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The Machiavellian MomentFlorentine Political Thought and the Atlantic Republican Tradition$
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J. G. A. Pocock

Print publication date: 2016

Print ISBN-13: 9780691172231

Published to Princeton Scholarship Online: October 2017

DOI: 10.23943/princeton/9780691172231.001.0001

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The Anglicization of the Republic

The Anglicization of the Republic

B) Court, Country and Standing Army

Chapter:
(p.401) Chapter XII The Anglicization of the Republic
Source:
The Machiavellian Moment
Author(s):

J.G.A. Pocock

Richard Whatmore

Publisher:
Princeton University Press
DOI:10.23943/princeton/9780691172231.003.0012

This chapter enters a period in which the terms virtue, virtus, and virtù are of great significance in their Roman and Renaissance connotations, but their antithesis is no longer circumstantial fortuna so much as historical corruption. The material and moral conditions necessary to the commonwealth in which virtue was possible had been established in a series of increasingly acceptable paradigms; the problem now seemed to be legislative and political—could these conditions be established, and if so, could they be maintained?—and to admit of answers in material and moral, rather than voluntarist or charismatic, terms. But to understand the exact shapes in which these problems presented themselves, this chapter considers how it was that the formulations of Machiavellian and Harringtonian republicanism came to appear appropriate in the parliamentary monarchy of Restoration England.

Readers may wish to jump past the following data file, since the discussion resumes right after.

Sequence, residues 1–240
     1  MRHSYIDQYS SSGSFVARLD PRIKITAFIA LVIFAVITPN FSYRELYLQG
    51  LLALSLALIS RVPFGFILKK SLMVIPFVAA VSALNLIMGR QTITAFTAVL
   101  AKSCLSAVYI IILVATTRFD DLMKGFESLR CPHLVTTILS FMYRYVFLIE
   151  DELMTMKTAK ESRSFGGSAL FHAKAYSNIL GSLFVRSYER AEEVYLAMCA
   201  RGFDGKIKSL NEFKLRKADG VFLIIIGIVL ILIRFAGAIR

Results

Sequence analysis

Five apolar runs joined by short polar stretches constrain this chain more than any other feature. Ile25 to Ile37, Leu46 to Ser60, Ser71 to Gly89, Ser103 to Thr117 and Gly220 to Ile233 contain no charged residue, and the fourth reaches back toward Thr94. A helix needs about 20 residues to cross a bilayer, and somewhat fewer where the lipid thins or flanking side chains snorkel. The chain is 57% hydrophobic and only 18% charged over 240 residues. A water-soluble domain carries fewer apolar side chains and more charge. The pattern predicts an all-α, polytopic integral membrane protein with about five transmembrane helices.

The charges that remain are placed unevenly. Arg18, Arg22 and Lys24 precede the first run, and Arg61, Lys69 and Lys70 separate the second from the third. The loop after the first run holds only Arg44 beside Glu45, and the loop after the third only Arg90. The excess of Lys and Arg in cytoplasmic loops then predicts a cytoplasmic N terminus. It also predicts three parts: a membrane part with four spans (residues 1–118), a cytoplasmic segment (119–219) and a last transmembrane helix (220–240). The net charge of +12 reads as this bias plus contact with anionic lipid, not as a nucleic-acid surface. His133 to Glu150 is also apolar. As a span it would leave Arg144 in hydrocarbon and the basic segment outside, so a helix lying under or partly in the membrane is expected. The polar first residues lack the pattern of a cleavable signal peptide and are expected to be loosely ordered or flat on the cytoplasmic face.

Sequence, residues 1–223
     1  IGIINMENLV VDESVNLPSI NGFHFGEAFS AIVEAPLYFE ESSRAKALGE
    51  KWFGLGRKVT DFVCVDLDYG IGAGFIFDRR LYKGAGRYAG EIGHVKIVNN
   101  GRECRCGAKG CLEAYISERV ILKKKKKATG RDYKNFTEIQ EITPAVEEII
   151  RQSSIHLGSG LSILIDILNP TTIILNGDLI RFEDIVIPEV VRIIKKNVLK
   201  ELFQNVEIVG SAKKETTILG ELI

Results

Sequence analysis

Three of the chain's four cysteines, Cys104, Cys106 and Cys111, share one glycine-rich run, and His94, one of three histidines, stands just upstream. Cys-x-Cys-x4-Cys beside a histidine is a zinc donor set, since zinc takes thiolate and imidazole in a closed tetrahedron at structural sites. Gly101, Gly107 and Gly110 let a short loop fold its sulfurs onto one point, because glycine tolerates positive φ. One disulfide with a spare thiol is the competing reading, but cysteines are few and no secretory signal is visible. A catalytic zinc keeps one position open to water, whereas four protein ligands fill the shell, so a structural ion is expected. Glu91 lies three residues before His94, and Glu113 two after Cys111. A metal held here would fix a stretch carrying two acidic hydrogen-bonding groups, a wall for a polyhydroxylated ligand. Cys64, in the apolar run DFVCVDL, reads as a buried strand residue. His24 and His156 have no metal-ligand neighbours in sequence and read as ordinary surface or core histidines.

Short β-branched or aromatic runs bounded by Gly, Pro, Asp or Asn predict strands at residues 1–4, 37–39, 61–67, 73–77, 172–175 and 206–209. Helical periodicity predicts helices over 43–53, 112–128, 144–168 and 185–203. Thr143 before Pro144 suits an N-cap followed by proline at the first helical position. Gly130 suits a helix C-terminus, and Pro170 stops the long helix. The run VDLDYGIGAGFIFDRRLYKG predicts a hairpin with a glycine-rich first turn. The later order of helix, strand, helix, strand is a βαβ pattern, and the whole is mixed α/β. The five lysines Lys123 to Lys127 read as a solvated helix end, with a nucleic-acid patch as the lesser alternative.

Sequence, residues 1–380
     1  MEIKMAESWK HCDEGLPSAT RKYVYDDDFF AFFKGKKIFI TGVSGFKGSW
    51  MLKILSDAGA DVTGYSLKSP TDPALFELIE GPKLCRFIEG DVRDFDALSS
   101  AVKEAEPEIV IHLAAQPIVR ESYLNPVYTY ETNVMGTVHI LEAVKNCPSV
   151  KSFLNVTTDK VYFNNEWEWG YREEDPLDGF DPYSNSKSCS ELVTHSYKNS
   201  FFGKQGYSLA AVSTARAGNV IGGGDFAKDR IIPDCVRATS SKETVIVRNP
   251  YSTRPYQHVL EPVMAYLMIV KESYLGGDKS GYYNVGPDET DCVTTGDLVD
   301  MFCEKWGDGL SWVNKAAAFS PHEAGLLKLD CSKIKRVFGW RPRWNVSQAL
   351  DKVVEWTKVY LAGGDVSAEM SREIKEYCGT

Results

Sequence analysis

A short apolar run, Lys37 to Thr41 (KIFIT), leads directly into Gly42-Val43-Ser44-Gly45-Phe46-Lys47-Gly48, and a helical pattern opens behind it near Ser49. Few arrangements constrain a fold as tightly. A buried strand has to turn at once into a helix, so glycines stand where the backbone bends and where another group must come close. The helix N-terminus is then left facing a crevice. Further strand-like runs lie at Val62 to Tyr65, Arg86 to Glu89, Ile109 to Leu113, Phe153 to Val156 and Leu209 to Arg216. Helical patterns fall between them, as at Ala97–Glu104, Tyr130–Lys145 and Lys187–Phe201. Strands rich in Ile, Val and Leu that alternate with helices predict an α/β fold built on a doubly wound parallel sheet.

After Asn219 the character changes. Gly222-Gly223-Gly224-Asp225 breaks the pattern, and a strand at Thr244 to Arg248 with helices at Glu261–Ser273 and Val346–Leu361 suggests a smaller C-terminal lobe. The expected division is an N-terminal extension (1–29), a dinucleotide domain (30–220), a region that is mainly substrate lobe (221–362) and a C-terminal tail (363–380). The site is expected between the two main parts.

Keywords:   virtue, Restoration England, England, Machiavellian republicanism, Harringtonian republicanism, commonwealth, parliamentary monarchy

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